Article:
Legal Question in Real Estate Law in California

Would it be correct to file a Notice of Demurrer and Motion to Strike?

Also, what would each part contain?

For clarification of the above question: What would the Demurrer part contain and say?

What would the Motion to Strike contain and say?

(This would be as a Defendant) A thank you in advance.

Asked on 3/17/11, 11:47 am

3 Answers from Attorneys

Timothy McCormick Haapala, Thompson & Abern, LLP

Your question makes no sense because it is too abstract. Correct when? The day of trial? No. Instead of an Answer within 30 days of being served with a compaint? Maybe, but only if the the complaint is somehow legally defective or insufficient. Filing a demurrer or motion to strike without a proper legal basis will subject the defendant to sanctions and possibly having to pay the plaintiff's attorneys fees for responding to the demurrer and/or motion. What would the demurrer part say? I don't know. What is your basis for demurring? Does the complaint fail to set forth facts sufficient to state a cause of action? Does the complaint disclose on its face that the action is barred by a statute of limitations? Some other basis that the Code of Civil Procedure states are permissible grounds for a demurrer? What would the motion to strike say? Again, I have no clue. Does it contain impermissible allegations, such as pleading a specific amount of punitive damages? Some other allegations that the Code of Civil Procedure states are grounds for striking a complaint? Please don't take this too hard, but the way you asked the question and what you asked shows that you have no idea what you are getting into, and would have no chance whatsoever of actually preparing and aruging a successful demurrer or motion to strike, which are both highly technical legal documents and proceedings. As one of the other attorneys who answers questions here is fond of saying, "if you can't afford an attorney, you must be able to afford to lose." There is no part of a case in which that is more true than in handling any kind of pre-trial motions.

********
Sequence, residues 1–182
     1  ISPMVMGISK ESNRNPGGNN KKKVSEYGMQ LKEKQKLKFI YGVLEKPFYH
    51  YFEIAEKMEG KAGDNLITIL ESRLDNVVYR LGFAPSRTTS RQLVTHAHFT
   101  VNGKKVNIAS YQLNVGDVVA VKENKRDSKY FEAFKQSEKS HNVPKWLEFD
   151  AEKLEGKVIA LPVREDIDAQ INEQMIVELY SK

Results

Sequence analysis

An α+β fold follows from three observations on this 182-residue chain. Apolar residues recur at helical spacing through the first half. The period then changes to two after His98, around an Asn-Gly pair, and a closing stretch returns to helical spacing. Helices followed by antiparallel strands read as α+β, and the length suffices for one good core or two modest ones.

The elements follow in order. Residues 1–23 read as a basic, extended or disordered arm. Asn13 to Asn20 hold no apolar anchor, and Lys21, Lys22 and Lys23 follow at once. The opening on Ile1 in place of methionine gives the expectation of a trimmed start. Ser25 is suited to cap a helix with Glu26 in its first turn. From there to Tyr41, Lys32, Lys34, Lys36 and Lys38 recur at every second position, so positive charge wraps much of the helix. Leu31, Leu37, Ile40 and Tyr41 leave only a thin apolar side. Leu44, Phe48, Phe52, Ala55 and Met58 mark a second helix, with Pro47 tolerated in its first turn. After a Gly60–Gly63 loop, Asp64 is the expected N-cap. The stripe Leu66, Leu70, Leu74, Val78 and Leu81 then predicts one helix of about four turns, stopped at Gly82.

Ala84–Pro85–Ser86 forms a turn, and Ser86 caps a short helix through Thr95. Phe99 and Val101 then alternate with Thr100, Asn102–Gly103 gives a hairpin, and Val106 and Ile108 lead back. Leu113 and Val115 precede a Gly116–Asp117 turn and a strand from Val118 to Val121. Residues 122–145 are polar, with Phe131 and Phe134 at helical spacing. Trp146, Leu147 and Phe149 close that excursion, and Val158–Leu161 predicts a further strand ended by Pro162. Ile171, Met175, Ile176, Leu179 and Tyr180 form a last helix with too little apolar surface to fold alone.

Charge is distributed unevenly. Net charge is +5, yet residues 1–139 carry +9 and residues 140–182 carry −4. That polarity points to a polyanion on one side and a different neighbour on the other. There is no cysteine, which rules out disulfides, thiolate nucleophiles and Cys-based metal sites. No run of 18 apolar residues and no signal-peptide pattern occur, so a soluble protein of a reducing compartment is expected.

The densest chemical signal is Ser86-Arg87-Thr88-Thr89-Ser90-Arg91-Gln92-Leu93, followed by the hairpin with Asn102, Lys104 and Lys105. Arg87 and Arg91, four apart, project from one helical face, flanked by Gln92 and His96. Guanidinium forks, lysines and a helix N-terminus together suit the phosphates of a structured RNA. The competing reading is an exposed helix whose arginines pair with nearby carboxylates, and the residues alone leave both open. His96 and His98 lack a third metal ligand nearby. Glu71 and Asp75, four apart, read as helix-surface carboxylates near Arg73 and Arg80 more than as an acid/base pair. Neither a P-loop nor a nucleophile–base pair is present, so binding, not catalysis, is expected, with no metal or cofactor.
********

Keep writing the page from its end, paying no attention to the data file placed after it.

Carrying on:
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Answered on 3/17/11, 12:07 pm
Bryan Whipple Bryan R. R. Whipple, Attorney at Law

A demurrer itself requires notice and a setting of a hearing. A Notice of Demurrer must therefore be served along with the Demurrer itself, and generally they may be combined into a single (properly captioned) document.

A Motion to Strike often accompanies a Demurrer. It asks the court to strike out any "irrelevant, false or improper" matter inserted in any pleading. Often, matter in a complaint becomes irrelevant or improper after the court sustains a demurrer to one cause of action of a complaint, but not another. For example, if the suit alleges breach of contract and fraud, and asks for punitive damages, the Motion to Strike may properly ask the references to punitive damages be stricken if and when the court sustains the Demurrer to the fraud cause of action. Punitive damages may be sought for fraud, but not for breach of contract.

LawGuru lawyers are not in a position to teach a course in writing and filing demurrers and motions to strike. It is way too complex, and different courts have different rules for obtaining hearing dates, pre-filing conferences, and other red tape.

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Answered on 3/17/11, 1:48 pm
Daniel Bakondi The Law Office of Daniel Bakondi

It's like asking a surgeon, "just tell me really quickly how to perform heart surgery and I'll do it myself." These motions are complex and strategic. I am happy to help advise you at an hourly rate. If interested, send me an email.


Daniel Bakondi, Esq.

[email protected]


The Law Office of Daniel Bakondi, APLC

870 Market Street, Suite 1161

San Francisco CA 94102

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Answered on 3/17/11, 1:52 pm

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